By VeloNews Interactive, With wire services
Lance Armstrong won the final stage of Languedoc-Roussillon Sunday, picking up the pace in preparation for a July attempt at a sixth-straight Tour de France title.
The Postal team leader finished in sixth place in the five-day event, finishing 1 minute, 44 seconds behind winner Christophe Moreau of France.
“I’ve had some ups and downs this week,” Armstrong said. “I felt good the first two days, the next two … not so good. Even at the start of today, I didn’t feel very well.”
Viatcheslav Ekimov, Armstrong’s U.S. Postal Service teammate, was second overall, with Spain’s Iker Flores third.
Armstrong attacked on the final climb, an ascent of three-quarters of a mile up Mount Saint-Clair. About 600 yards from the finish, Armstrong powered ahead with a trademark burst.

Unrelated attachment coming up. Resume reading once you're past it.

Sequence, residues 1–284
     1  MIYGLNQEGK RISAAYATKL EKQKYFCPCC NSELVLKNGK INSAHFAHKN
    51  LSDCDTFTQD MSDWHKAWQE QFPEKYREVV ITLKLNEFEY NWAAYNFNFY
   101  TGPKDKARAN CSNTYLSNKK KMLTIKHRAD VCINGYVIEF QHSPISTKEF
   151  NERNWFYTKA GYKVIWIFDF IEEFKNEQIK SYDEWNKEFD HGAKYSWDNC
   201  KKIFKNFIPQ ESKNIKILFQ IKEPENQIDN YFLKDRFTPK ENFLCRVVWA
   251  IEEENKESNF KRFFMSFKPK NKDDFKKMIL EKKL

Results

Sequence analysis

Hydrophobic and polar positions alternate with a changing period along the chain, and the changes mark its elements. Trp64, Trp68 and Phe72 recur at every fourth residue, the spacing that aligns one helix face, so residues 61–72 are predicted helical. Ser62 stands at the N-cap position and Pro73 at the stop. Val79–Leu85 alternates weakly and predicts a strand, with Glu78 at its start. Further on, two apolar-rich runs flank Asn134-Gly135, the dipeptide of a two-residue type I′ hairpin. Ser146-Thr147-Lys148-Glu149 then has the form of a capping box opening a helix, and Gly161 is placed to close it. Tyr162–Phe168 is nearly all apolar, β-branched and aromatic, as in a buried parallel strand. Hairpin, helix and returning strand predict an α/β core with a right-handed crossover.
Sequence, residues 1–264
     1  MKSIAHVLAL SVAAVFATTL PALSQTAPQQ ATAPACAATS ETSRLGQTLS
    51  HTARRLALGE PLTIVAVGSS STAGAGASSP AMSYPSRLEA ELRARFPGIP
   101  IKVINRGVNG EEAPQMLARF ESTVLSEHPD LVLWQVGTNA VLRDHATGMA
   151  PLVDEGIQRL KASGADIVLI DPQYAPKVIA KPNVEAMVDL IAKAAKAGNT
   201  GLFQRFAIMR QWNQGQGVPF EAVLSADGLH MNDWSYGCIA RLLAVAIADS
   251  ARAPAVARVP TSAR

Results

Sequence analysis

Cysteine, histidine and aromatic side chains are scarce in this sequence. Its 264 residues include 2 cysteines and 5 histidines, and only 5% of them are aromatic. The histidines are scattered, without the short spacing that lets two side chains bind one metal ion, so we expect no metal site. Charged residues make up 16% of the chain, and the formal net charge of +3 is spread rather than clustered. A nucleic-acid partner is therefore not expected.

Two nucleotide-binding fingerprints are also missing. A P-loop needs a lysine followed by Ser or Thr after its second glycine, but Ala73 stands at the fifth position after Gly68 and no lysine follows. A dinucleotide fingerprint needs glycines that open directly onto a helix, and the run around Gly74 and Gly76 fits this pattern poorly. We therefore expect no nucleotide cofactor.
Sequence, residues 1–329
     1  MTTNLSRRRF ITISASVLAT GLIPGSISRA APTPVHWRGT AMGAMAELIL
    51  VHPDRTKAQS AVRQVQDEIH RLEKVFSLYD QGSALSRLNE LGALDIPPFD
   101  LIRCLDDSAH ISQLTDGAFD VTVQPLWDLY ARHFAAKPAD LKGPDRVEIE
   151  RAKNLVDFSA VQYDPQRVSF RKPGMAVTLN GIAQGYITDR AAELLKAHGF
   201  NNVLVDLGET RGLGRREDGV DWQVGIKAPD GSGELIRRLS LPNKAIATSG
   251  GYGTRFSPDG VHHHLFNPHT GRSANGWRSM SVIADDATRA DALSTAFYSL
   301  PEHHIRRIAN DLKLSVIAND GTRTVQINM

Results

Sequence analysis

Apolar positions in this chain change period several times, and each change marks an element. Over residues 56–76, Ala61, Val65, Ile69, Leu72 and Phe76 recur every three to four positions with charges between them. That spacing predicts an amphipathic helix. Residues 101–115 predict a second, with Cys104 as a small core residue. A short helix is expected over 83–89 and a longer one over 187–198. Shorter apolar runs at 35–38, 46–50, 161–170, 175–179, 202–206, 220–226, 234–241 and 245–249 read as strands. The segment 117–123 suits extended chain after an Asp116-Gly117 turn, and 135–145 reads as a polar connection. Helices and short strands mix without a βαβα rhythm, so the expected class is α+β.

“The start of the stage was hard, with a climb straight away,” he said. “There were a lot of attacks from riders. Everyone was going for it. I started to feel better toward the end. Maybe I have more endurance than in the past.”
He won the 125-mile stage from Florac to Sete in 4 hours, 42 minutes, 8 seconds.
France’s Laurent Brochard and Spain’s Egoi Martinez were 19 seconds behind. About 25 miles into the stage, Armstrong pulled beside Moreau to congratulate him for winning Saturday’s stage.
“I asked Armstrong if he was feeling good,” Moreau said. “He said ‘Oh, no, no, I’m not good at all.”‘
That hardly seemed the case when Armstrong crushed the chasing pack, beginning with his burst eight miles from the finish.
“It’s less than two weeks since I got (to Europe),” he said. “When I arrived, I immediately started to work hard in the Alps. Over the last 11 days, I’ve been training really hard.” Armstrong is reluctant to compare his form to last year’s.
“It’s hard to say because last year I didn’t race in May. … But I’m close to the physical shape I should be in. I’m at the level I should be at this stage,” he said.
He intends to rest before next month’s Dauphine Libere. Last year, he fell during that race and subsequent difficulties made for a rough Tour de France.